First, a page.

Were the Suns Spying on Alvin Gentry Before Replacing Him with Lindsey Hunter?

Jesse DorseyFeatured ColumnistJanuary 27, 2013

PHOENIX, AZ - JANUARY 24:  Head coach Lindsey Hunter of the Phoenix Suns talks with P.J. Tucker #17 during the NBA game against the Los Angeles Clippers at US Airways Center on January 24, 2013 in Phoenix, Arizona. The Suns defeated the Clippers 93-88.  NOTE TO USER: User expressly acknowledges and agrees that, by downloading and or using this photograph, User is consenting to the terms and conditions of the Getty Images License Agreement.  (Photo by Christian Petersen/Getty Images)
Christian Petersen/Getty Images

The Phoenix Suns have won two of their first three games since firing Alvin Gentry and replacing him with Lindsey Hunter, and it seems that there may have been some foul play on the part of the Suns, if reports are to be believed.

Information has leaked from inside the Suns organization that Hunter was most likely used as a spy into the day-to-day work of Gentry by Suns management.

Suns insiders say that Gentry more than once had Hunter removed from practices when Hunter was serving in his role as a first-year player development coordinator. Hunter was regarded as a spy for the front office, which was all but confirmed after the Suns fired Gentry and tabbed Hunter over Gentry’s longtime assistants, Elston Turner and Dan Majerle, each of whom was more deserving for the interim post.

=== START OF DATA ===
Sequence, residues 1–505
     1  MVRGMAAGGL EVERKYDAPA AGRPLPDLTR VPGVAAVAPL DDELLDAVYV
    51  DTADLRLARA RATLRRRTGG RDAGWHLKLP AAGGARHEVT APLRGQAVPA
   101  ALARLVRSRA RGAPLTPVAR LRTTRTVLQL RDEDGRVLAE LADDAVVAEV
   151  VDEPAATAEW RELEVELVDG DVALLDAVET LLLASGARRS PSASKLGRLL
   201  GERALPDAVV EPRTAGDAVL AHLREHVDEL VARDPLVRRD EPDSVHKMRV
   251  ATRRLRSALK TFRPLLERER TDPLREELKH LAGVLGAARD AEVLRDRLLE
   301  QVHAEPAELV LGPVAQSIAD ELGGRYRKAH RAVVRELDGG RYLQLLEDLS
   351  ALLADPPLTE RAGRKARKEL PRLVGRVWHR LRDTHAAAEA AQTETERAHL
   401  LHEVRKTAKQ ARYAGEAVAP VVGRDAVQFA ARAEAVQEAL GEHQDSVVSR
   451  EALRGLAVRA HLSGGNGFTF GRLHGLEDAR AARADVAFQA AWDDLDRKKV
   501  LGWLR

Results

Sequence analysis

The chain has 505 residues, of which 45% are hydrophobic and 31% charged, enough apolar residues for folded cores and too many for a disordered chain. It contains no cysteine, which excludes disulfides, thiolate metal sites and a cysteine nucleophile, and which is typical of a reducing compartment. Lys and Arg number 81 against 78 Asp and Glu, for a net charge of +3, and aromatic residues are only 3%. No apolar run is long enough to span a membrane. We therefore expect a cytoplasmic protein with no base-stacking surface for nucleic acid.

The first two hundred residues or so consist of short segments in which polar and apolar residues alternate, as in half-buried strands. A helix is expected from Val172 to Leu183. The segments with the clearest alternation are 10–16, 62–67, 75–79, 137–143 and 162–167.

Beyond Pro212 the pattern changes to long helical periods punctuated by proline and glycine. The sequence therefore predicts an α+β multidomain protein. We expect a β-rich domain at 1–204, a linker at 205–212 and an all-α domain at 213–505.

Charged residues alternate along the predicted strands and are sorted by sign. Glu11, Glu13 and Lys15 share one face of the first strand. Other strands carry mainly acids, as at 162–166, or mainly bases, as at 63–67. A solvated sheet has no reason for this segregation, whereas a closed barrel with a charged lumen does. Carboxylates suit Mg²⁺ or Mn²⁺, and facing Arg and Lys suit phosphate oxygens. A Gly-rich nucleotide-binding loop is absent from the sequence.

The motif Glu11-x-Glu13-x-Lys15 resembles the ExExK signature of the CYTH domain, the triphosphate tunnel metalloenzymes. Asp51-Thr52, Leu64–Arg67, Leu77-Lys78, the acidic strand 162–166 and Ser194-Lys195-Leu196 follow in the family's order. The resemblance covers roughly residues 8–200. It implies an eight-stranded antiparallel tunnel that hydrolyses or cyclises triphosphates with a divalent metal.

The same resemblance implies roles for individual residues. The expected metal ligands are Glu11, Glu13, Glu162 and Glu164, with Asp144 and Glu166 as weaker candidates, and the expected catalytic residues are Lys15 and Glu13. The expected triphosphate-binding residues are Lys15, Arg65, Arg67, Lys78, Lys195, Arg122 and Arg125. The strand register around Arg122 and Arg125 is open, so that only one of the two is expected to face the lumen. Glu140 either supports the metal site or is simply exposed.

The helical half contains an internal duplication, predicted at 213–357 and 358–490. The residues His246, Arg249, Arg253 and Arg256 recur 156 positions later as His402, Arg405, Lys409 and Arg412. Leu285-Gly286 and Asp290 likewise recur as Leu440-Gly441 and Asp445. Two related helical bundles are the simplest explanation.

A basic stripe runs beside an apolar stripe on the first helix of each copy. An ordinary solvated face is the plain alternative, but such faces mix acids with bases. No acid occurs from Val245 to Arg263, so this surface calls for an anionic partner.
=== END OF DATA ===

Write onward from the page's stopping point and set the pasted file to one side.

Hunter's hiring is quite suspicious, especially when taking a look at Elston Turner and Dan Majerle, both of whom had plenty of qualifications to earn the interim head coaching job in Phoenix.

Turner has years of experience as an assistant, coaching with the Sacramento Kings, Portland Trail Blazers and the Phoenix Suns. Of course, he's also been turned down for head coaching positions with the Houston Rockets, Chicago Bulls, Minnesota Timberwolves, Philadelphia 76ers, Los Angeles Clippers and the Trail Blazers, so perhaps he just doesn't have the head coaching bone in him.

Even still, Turner was upset with the Suns that he was passed over in consideration for the open gig, and he and Phoenix parted ways.

The impression that I got was that it may be tough to find a spot for a 16-year veteran with 15 straight years of winning experience.

Potentially more egregious, Phoenix also parted ways with long-time assistant Majerle, with Majerle seemingly more upset that Turner was passed over than he was upset about himself being passed over.

The first thing that disappoints me is usually in a situation like this, the interim gets the jobs and that is Elston (Turner) with his 14 years of experience. Once he didn't get it, I thought I deserved it. The thing I keep hearing management say on the radio is that hiring me would've been the popular and easy thing to do. I earned it. I deserved a shot if it's not going to be Elston. I coached five-and-a-half years. I coached the summer leagues. I didn't need a favor. Picking Elston would've been the easy thing to do.

Majerle, of course, spent his first seven seasons as a player with the Suns, along with his final season and was a member of the Suns coaching staff since 2008.

The apparent coup by Hunter definitely points to some foul play by the front office, as hiring either Turner or Majerle would have been the easy and popular solution, and the Suns' record would probably look no different by season's end.

It definitely makes the next few months and the offseason interesting for Phoenix as we'll see just how much control the front office has over the coaching staff.